Take off your designer high heels and walk in my wellies for a day
'You can smell the silage off the pages." That quotation mightn't be the kind you'd expect on the back cover of a book but when an agri-expert said that after reading my novel, 'Deny Me Not', I knew that I'd hit the nail on the head.
Farmers and rural dwellers can be tough critics, but it obviously portrayed a world he could relate to – one where people wear wellies, cut silage, shift shit and, bottom line, hope to inherit land some day.
That's always the dream.
There aren't enough Irish novels with contemporary farm settings, I believe. In the literary genre, Belinda McKeon has done it with 'Solace' and Clair Ni Aonghusa made a stab at it with 'Civil and Strange', but right now in the world of commercial fiction, farm settings are conspicuous by their absence, or only get a nod in their direction.
No one is really getting down to earth in the agricultural world.
While the popular fiction genre is dominated by many wonderful and successful Irish writers like Marian Keyes and Cathy Kelly, the novels seem to be almost entirely urban and office-world orientated.
What about the 140,000 farms in Ireland and the 270,000 people working in the agri-food sector?
It's a significant section of society that contributes €24bn to the national economy, so why shouldn't stories be set deep in the world of cow-dung and corn-growing?
Farmers are people and they have relationship difficulties the same as anyone else. Throw in the stress of weather, inheritance issues, lack of income, minding aged parents and all the wider issues affecting people's lives, like the economy and the EU, and it's a seedbed for real drama.
John B Keane had his finger on the pulse of rural Ireland in the past, but why shouldn't there be more 'agri-lit' now?
'Write about what you know' – that's what Maeve Binchy used to say – and it seemed like very good advice when it came to choosing a setting for my first novel.
I'm a farmer's daughter and married to a farmer so I know the kinds of situations that crop up day to day, whether it's cattle breaking out or department inspectors coming in or bad feeling over who got what, inheritance-wise.
You know the lingo when you're living on a farm, too – you don't say 'digging' beet when you mean pulling it, you don't say fork when you mean sprong and you don't bale hay the day after the meadow is cut; it needs time to 'make' (dry) first.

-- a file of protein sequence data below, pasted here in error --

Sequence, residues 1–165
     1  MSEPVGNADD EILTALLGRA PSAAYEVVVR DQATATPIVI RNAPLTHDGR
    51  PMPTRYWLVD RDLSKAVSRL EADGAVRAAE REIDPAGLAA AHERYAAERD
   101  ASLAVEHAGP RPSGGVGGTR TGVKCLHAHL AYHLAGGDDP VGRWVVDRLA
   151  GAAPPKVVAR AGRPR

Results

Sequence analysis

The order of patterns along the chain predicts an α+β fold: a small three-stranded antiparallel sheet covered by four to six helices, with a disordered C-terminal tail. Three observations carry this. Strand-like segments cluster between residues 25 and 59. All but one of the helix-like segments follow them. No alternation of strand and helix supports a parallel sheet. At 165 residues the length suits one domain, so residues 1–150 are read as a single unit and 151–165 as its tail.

The world of the novel has to be authentic or credibility goes right out the window. Ultimately, though, the story's the thing: if it doesn't grab people, you're at nothing.
When it comes to writing fiction I couldn't write what's called 'chick lit'. I'm not into soft-soaped worlds or fluffy anything.
My characters and their stories have to be firmly grounded in reality. I wouldn't know a designer shoe or handbag if they jumped up and bit me. I've never been in Brown Thomas's for instance. It's a world that wouldn't be relevant to me as it's far from doormen with top hats I was reared.
I'm originally from Tinahely in County Wicklow and live in south Wexford now, but I wouldn't want to live anywhere other than on a farm or in a rural place.
I like roads with the grass growing up the middle of them. And laneways. I breathe easier somehow when there are ditches on both sides.
It could be because that's what I grew up with, but I don't think so. Some people turn away from rural places in search of brighter lights but not me.
Concrete jungles are all right to visit for a day or so, but I always feel pulled back to the wide-open spaces.
'Deny Me Not' is about a woman pursuing her father for acknowledgment. I wrote the kind of book that I wanted to read and hopefully that lots of rural readers will get a kick out of too.
Who knows – maybe a few stiletto-sporting townies will read it too, on their Kindles, as they sit sipping lattes in Starbucks. And if they do, I wish them a 'welly' good experience.